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The Loop

The Loop

So you want to try a weird putting style like Bryson DeChambeau...

December 12, 2016

Bryson DeChambeau has never been afraid of doing things differently.

But compared to his single-length irons, Dechambeau’s new putting technique sets a new bar for creativity.

DeChambeau played the unofficial Franklin Templeton Shootout using a sidesaddle approach different than anything seen on tour since late in the Sam Snead administration. Using a homemade putter he tricked together himself with a leftover wedge shaft, DeChambeau stood facing his target instead of the ball, and held the putter in line with his right arm--with his left hand bracing the end of the grip against his right forearm.

It looked like a mixture of bowling, curling and lawn darts, but it did the trick, at least in spurts. DeChambeau and partner Lexi Thompson shot 10-under in their opening scramble round and 5-under to close in modified alternate shot.

“That’s what so fun about him,” says top California teacher Brady Riggs, who is based at Woodley Lakes Golf Course in Van Nuys. “He’s willing to go against whatever convention there is. He sees it as a chance to succeed in a way nobody else is. There’s no reason why he can’t be successful with it.”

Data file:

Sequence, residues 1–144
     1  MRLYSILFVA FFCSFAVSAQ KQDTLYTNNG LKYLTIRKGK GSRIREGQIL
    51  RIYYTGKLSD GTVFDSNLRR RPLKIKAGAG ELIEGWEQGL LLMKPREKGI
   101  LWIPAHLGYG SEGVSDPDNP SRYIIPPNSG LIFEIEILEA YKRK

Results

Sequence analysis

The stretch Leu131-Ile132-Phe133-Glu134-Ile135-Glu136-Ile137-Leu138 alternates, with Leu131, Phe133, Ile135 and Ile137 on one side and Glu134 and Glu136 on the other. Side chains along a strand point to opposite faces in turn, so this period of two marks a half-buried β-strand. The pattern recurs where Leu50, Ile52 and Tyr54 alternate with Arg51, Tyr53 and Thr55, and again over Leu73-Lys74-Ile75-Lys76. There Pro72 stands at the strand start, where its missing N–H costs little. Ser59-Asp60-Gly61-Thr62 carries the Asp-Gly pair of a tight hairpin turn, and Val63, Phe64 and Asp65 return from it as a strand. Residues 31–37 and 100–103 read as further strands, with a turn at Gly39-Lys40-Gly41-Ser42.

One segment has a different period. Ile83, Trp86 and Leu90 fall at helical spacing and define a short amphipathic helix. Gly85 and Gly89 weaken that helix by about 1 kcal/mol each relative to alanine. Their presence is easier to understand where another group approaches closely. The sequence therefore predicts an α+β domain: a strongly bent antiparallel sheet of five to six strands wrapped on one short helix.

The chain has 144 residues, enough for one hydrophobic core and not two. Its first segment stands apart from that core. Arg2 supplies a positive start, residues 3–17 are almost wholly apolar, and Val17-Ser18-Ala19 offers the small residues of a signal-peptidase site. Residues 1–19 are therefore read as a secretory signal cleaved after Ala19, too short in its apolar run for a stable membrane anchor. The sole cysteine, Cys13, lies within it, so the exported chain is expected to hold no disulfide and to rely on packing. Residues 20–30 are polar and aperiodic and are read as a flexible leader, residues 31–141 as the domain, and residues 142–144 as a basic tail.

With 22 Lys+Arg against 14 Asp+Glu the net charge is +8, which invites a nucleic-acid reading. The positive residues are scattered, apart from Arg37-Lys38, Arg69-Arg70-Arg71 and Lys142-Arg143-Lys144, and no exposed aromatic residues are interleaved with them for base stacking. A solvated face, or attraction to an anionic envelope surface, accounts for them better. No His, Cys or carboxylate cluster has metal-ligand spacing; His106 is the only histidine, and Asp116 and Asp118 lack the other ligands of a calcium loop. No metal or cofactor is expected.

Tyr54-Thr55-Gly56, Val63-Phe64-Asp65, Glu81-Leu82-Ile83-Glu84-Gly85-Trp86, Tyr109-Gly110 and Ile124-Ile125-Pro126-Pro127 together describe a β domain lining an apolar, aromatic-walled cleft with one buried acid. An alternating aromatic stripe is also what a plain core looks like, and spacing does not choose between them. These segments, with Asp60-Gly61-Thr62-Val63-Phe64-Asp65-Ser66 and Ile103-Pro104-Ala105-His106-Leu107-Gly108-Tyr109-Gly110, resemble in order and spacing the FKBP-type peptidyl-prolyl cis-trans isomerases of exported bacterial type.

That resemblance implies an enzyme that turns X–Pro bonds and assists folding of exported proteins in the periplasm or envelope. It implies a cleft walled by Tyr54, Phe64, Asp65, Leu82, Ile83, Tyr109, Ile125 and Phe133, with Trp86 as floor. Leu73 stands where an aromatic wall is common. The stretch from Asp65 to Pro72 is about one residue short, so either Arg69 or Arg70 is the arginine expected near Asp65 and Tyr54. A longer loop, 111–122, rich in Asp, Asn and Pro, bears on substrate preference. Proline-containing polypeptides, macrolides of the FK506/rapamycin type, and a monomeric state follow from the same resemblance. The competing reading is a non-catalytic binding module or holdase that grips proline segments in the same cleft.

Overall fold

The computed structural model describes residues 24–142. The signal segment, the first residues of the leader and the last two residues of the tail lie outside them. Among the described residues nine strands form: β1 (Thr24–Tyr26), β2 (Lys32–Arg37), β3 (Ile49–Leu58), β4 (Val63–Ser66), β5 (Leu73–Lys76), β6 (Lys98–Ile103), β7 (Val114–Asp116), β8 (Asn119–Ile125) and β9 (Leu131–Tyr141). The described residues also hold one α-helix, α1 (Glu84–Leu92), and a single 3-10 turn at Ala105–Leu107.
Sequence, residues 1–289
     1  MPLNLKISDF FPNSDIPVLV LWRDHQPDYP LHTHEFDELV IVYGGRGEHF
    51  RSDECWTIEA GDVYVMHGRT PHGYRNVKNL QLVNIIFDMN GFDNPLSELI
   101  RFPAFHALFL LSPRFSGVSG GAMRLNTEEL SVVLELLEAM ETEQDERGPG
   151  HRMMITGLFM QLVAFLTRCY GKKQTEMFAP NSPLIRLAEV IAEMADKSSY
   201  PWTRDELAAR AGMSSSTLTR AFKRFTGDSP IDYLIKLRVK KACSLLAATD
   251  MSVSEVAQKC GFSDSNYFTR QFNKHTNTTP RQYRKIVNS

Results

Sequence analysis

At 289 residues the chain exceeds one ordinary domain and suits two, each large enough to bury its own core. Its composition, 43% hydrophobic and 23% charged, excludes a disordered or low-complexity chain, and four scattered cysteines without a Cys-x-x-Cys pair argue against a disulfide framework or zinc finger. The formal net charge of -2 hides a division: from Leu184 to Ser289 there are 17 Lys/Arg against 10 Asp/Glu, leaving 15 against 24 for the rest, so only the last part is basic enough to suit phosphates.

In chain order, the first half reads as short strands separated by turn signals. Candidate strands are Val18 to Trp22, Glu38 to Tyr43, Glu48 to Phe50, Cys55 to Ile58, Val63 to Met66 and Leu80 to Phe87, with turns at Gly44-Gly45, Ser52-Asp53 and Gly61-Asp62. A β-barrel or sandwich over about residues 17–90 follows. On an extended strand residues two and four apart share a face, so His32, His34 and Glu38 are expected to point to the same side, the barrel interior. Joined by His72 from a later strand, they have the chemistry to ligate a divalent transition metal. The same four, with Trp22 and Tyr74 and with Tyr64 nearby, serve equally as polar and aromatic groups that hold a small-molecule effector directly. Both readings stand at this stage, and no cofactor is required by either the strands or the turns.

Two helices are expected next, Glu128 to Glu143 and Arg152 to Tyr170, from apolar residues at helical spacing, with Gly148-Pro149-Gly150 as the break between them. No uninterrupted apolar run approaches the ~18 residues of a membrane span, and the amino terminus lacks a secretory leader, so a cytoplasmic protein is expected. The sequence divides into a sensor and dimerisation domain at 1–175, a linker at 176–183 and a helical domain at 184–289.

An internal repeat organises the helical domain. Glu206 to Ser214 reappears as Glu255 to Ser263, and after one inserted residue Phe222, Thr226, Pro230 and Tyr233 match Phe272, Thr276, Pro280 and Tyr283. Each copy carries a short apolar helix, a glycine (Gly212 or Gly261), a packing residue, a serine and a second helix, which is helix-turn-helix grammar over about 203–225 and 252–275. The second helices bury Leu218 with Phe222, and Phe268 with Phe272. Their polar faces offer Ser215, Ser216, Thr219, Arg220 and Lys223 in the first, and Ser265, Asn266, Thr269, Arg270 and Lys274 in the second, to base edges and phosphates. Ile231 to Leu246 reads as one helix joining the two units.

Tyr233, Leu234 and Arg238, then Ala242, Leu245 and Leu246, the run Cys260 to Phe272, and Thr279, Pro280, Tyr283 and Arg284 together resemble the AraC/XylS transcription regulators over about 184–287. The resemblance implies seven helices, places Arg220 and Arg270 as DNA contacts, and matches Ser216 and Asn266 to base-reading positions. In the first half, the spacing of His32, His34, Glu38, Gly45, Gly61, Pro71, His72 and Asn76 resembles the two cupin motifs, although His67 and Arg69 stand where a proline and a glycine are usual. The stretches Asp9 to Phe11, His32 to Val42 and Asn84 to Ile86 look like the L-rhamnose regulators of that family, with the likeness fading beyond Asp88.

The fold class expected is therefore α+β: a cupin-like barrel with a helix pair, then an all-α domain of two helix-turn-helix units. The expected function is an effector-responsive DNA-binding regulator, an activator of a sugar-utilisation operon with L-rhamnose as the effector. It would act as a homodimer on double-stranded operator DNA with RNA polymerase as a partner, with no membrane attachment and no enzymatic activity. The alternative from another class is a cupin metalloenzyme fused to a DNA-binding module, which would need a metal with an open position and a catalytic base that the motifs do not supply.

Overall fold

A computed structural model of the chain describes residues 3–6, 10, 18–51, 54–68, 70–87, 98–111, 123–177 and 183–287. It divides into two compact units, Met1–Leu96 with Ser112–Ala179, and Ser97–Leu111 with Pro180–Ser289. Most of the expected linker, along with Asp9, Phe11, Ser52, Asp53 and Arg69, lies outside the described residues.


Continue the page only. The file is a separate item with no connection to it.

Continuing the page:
DeChambeau looked comfortable with the technique, which he said he adopted in order to improve his mid-range putting. And he wasn’t afraid of the sideways looks he might get from galleries or other players for trying something different.

You shouldn’t be either, says Riggs. “If you have a long-term issue where you aren’t seeing success, you have to address it,” says Riggs, who works with Brandon Hagy on the PGA Tour. “Players go left-hand low, use the Kuchar grip or use a different size grip. There are so many alternative styles that doing something different has become normal. There’s no reason to sit there and suffer conventionally.”

DeChambeau’s method has potential because it sets the player up so that both eyes are facing the target, and it encourages a true pendulum stroke--directly at the target. “If you were designing putting from the beginning, it would be a logical way to do it,” says Riggs. “It seems like that’s what he’s going for with all of his clubs. I think it’s awesome.”

If you decide to try something different--whether it’s DeChambeau’s side-saddle move or one of the other alternative styles, you can take a few simple steps to give it the fairest shake. “First, you have to give it an honest try,” says Riggs. “Practice with it, and do it for a few rounds before you decide. You can’t judge anything by a few holes, bad or good.”

You’ll probably be interested in hitting lots of putts on the practice green to get the feel for the new style, but testing it under pressure is the real measuring stick. “Play games during your practice,” says Riggs. “Bet a friend for lunch--anything to get it competitive as quickly as possible. A lot of stuff works on the practice green. But what’s going to happen when you’re standing over a putt you really need to make?”